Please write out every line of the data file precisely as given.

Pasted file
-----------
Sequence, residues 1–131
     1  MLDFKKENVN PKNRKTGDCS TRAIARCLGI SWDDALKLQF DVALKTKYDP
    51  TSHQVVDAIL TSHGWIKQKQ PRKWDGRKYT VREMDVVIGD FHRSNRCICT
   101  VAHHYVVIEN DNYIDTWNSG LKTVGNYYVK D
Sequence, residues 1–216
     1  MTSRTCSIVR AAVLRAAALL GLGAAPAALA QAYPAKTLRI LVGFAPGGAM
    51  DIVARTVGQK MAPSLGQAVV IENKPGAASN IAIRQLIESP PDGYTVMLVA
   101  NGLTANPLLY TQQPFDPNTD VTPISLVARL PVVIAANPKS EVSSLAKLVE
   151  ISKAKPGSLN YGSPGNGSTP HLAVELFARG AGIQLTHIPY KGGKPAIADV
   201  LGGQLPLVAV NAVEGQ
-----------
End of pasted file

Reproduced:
Sequence, residues 1–131
     1  MLDFKKENVN PKNRKTGDCS TRAIARCLGI SWDDALKLQF DVALKTKYDP
    51  TSHQVVDAIL TSHGWIKQKQ PRKWDGRKYT VREMDVVIGD FHRSNRCICT
   101  VAHHYVVIEN DNYIDTWNSG LKTVGNYYVK D
Sequence, residues 1–216
     1  MTSRTCSIVR AAVLRAAALL GLGAAPAALA QAYPAKTLRI LVGFAPGGAM
    51  DIVARTVGQK MAPSLGQAVV IENKPGAASN IAIRQLIESP PDGYTVMLVA
   101  NGLTANPLLY TQQPFDPNTD VTPISLVARL PVVIAANPKS EVSSLAKLVE
   151  ISKAKPGSLN YGSPGNGSTP HLAVELFARG AGIQLTHIPY KGGKPAIADV
   201  LGGQLPLVAV NAVEGQ